Artist's Breath continues Manzoni's exploration of the sanctifying presence of the artist. The work consists of balloons blown up by Manzoni and fixed to wooden boards, a process which places the value of the sculpture/installation not in the physical components but in the breath of the artist itself. As Manzoni himself said, "when I blow up a balloon, I am breathing my soul into an object that becomes eternal". Manzoni charged a fee of 200 lire for each litre of air he blew into the balloons. As his breath would slowly evaporate over time, the object is left an empty husk, leaving it devoid of the artist's breath and therefore "worthless". The idea of purchasing emptiness was also pursued by Yves Klein in his sale of 'immateriality', and was a notable influence on Manzoni's piece.
Germano Celant, a notable critic of Manzoni's work, describes the culture in which Manzoni was making this work as one "still pervaded by the tragedy of the Second World War and strongly marked by a sense of failure bound up with that vast, historic catastrophe". The deflated balloon can then be seen as a metaphor for the deflated body of a person surrounded by the aftereffects of war and in a culture which increasingly valued mass production over individual craftsmanship. Manzoni's piece valorizes the idea of the unrepeatable, unique, as well as the transient and ephemeral. Only he is capable of producing the 'artist's breath' which brings this piece into being.
Balloon and breath sealed on wooden base - Tate Collection
Socle Du Monde
Socle du Monde was the culmination of a year-long process using plinths to play with the notion of an artist's authority. Where previously Manzoni had asked the audience to stand on plinths in order to become living sculptures, or signed parts of their body in order to declare them as works of art, this sculpture takes the concept of artistic ownership via claiming to its logical conclusion. As the final work of the series Manzoni made the large plinth seen in this image, imprinted with the legend Socle du Monde (Base of the World), and turned it upside-down. This was designed to symbolize the plinth as bearing the weight of the world, suggesting the earth itself was a piece of art claimed by Manzoni. The plinth was installed in Herning in 1961 when Manzoni was invited by Danish manufacturer Aage Damgaard to create a work during a residency in the city and contribute to his public collection of art objects from significant contemporary artists. There is speculation amongst critics that Manzoni's inspiration came from the fact that it was possible to see the curvature of the earth on the horizon of the Northern lowlands near Herning.
As with other pieces exploring similar ideas, Manzoni's concept is a simple one taken to extremes. Manzoni was working towards making an artwork so large that it was unable to be sold, and therefore his solution was to claim and perhaps even attempt to sell the entire globe. In an article in the Guardian, the artist Gavin Turk reflects on Manzoni (one of his influences) by saying that he "repeatedly exercised his ability to purify thought into action and deed". This purification can be seen though the directness of the upside-down plinth as a work which requires the viewer to literally change their point of view by tilting their head. Manzoni truly believed that he was able to change the world through his art, distilling complex ideas about consumerism and post-war society into witty and satirical conceptual pieces.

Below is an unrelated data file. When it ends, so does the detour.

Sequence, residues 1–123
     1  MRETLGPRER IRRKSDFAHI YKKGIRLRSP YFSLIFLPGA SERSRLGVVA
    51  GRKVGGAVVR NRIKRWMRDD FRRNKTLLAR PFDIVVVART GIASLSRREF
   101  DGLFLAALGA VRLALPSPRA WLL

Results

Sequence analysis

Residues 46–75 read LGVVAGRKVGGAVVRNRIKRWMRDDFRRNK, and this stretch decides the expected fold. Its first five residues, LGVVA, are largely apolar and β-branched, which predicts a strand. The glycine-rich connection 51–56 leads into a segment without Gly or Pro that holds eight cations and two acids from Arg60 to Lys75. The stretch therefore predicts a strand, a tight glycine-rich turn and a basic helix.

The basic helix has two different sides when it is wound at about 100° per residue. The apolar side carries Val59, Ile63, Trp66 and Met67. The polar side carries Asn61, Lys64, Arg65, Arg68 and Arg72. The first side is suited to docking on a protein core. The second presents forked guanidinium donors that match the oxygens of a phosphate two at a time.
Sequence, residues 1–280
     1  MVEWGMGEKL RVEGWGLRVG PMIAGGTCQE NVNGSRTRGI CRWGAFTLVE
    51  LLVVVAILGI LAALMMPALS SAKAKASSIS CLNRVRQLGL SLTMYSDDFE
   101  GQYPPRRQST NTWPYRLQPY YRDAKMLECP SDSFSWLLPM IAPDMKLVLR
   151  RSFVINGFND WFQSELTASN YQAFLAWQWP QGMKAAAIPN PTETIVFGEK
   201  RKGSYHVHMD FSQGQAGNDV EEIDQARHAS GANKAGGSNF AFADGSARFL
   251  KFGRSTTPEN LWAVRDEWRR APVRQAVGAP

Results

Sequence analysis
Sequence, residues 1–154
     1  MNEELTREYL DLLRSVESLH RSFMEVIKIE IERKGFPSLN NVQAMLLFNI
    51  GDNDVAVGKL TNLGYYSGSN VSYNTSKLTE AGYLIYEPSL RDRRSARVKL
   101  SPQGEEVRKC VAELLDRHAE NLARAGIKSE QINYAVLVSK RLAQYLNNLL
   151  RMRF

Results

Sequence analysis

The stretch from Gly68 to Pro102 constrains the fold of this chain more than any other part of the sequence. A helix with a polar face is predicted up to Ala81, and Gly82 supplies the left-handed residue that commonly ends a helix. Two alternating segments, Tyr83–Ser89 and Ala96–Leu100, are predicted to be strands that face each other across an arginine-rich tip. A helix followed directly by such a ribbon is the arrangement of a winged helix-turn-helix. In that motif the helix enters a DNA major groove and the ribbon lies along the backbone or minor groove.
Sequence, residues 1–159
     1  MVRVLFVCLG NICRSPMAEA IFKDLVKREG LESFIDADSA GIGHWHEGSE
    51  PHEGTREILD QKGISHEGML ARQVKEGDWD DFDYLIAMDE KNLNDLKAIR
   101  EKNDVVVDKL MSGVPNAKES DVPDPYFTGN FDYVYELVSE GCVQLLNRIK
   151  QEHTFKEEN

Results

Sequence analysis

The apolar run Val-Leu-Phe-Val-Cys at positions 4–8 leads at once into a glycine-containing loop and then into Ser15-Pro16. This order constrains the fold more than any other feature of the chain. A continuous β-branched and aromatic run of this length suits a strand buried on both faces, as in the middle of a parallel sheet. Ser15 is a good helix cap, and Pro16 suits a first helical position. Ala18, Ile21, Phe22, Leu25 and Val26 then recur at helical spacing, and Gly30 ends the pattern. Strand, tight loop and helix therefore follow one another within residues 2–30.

Plinth made of Iron - Herning Museum of Contemporary Art, Denmark
In 1961, Manzoni created his most infamous and successful artwork, Merda d'Artist, which comprized 90 tin cans ostensibly containing 30 grams of the artist's excrement. Each can was labelled with the contents, along with text reading "Freshly preserved, produced and tinned in May 1961" in English, French, Italian and German. These cans were weighed and priced to correspond to the price of gold at the time of production. As biographer Flaminio Gualdon writes, Merda d'Artist "plays on the value between gold, which is the most valuable material, and shit which has no value whatsoever". Like his line drawings, there is no way to know if the label on the can corresponds to what is actually inside without opening it. Doing so though would disrupt the intent of the artist, its status as an artwork resting on its ambiguous nature.
The cans echo the then-pervasive language and aesthetics of mass production, as well as the expansion of canning to allow food to have a long shelf life that was becoming increasingly common in the early 1960s. Part of the inspiration for the piece is said to come from Manzoni's father, who as well as owning a cannery (which Manzoni used in the production of the piece) is said to have told his son that his work was 'shit'.
Building on the ideas explored in pieces like Artist's Breath, this work allows art collectors to own a piece of the artist, with value added by the connection between his body and the art object. Manzoni was firm in his belief that it was the artist's intention and interaction which made an artwork, and therefore took the most natural bodily process and declared it art. Manzoni's emphasis with Merda d'Artist was "I sell an idea, an idea in a can", which reflects both his conceptual basis for the implicit critique of the art world and collectors, and the mischievous humour he used to communicate it. As Gavin Turk remarks "he always took his art seriously; I think he thought he could change the world with it. I imagine how much he must have laughed when he had his ideas". Merde d'Artist is funny and audacious, and yet is also a serious condemnation of consumerism immediately after the Second World War and a reflection of Manzoni's commitment to a conceptual expansion of the themes of his work.
In the collection of the Tate, as well as Private collectors